Thursday, 13 October 2016

Trade asymmetry

I wrote this yesterday in a comment on a Guardian article. I've tidied it up a bit to improve the flow, but it's as it was otherwise. Rob Telford told me I should put some of my comments and Facebook posts in a blog, so all of this is entirely his fault. Thanks, Rob, by the way. Some may be horrified, but I feel invigorated and purged and that's the main thing.

It’s about trade asymmetry. The relaxed tone of it is because yesterday we were only facing economic collapse, whereas today we are facing economic collapse without Marmite.

The trade asymmetry problem goes like this.

Let's use cheese as an example, and let's say for ease of calculation that half the cheese sold in every country is domestic, and half is imported. Let’s say further that ten per cent of the foreign cheese sold in a Dutch supermarket is British. These are all assumptions to illustrate the principle, I have no actual clue how the Dutch feel about our cheese.

So a Dutch shopper goes into a Utrecht Asda (I have no idea if there are Asdas in Utrecht), and notices that the British cheddar that’s good in a souffle is ten per cent more expensive. Fortunately there's a similar hard cheese from Belgium that does the same job, and that's the same price as it was before, so that problem is solved.

Meanwhile in Uttoxeter (I can confirm that Smithfield Road, Uttoxeter has an Asda on it) a similar scene is being played out, except that here it's half the cheese that's ten per cent more expensive. Suppose the shopper is particularly fond of brie. There are British cheeses that are a bit like brie (or Jarlsberg, or manchego), but given a choice between limiting themselves to those cheeses or paying a bit extra the British consumer is far more likely to go for the extra cost because the consumer sacrifice that's being called for to save a few pence is that much more dramatic.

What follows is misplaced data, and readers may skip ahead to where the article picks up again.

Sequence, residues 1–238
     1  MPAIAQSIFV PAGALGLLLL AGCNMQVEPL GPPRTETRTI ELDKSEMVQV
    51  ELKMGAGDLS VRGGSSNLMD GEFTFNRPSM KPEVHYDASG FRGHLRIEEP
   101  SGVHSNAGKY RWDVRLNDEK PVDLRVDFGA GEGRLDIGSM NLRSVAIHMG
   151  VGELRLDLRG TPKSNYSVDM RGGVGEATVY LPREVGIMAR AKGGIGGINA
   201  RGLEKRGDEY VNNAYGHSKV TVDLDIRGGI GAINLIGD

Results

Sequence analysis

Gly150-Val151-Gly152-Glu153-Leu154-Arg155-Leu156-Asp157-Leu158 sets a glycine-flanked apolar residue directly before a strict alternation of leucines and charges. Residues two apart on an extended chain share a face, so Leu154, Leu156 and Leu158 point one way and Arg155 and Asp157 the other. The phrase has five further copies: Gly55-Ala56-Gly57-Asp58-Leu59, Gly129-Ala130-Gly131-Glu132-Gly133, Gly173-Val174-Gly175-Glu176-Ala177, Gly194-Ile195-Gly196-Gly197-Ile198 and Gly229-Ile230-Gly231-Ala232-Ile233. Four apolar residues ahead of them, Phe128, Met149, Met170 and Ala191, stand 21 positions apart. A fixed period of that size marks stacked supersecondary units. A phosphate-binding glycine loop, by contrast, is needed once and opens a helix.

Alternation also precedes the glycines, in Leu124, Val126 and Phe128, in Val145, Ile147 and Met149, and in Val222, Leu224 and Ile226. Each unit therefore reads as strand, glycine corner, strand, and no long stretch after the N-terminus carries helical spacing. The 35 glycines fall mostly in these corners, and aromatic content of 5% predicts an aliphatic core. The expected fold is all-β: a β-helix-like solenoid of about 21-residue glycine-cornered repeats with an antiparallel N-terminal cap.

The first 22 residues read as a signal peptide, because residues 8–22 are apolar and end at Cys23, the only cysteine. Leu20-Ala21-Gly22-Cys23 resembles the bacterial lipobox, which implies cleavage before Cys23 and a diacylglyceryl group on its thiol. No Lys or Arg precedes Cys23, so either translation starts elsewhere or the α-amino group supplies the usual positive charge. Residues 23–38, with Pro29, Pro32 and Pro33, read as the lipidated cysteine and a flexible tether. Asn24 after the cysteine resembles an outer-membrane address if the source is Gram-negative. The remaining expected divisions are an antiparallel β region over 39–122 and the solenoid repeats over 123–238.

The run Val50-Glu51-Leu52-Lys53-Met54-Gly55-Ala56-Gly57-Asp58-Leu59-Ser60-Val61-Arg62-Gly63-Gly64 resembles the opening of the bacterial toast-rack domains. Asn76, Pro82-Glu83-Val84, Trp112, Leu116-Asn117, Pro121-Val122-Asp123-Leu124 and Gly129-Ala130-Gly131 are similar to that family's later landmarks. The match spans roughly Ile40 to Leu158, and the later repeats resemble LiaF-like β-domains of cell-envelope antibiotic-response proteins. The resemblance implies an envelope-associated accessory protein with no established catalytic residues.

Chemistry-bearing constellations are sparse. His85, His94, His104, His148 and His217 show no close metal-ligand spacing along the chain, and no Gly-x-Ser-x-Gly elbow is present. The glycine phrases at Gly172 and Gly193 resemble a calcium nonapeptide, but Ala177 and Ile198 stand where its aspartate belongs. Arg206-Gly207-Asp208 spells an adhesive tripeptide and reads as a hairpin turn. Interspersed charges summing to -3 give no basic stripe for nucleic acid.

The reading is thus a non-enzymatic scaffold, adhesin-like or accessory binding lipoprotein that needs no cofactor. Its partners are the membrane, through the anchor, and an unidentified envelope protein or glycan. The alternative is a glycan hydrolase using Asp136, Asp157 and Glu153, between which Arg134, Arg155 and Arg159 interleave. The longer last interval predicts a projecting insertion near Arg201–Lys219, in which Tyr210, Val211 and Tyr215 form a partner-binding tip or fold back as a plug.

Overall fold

It isn't just cheese. For any product, a Dutch person can avoid the tariffs on non-EU European produce by reducing their choice of country of origin from 28 to 27. For the British in a similar position, they have to reduce it from 28 to 1. This is a greater sacrifice for the British, so they are correspondingly less likely to make it. As a result the trade balance between Britain and Europe, already dire, will become worse. The EU will happily pocket the tariff income, which is likely to amount to rather more than the British EU budget deficit that was supposed to go for doctors and nurses.

Meanwhile British producers, whoever owns them, will move their production across the channel if they can. This means a lot more unemployment here, slightly less over there.

The Marmite problem is different, as it’s caused by the weak pound, which makes Unilever’s receipts from UK sales worth less in Europe. 

It might seem like there's a simple solution to this self-inflicted economic crisis, which is for the Tories to get back to fucking pigs and pretending to cycle to work rather than carrying on like Donald Trump all the time. Amazing to think you can actually miss David Cameron. Actually that’s an exaggeration, it’s like saying salmonella makes you miss indigestion, but at least back then you could eat a salty yeasty toasty snack while you were throwing things at the news.

Unfortunately there's no way back now. The more intelligent ones must think of 2015 as some kind of lost paradise. They made this mess, and they and we are stuck with it. 

POSTSCRIPT: A few days later Tesco and Unilever made some kind of a peace deal, but then Morrison's put the price of Marmite up because of the weak pound (or so they said). Fortunately my personal Marmite stockpile will last a little while. Vegemite? Never.

No comments:

Post a Comment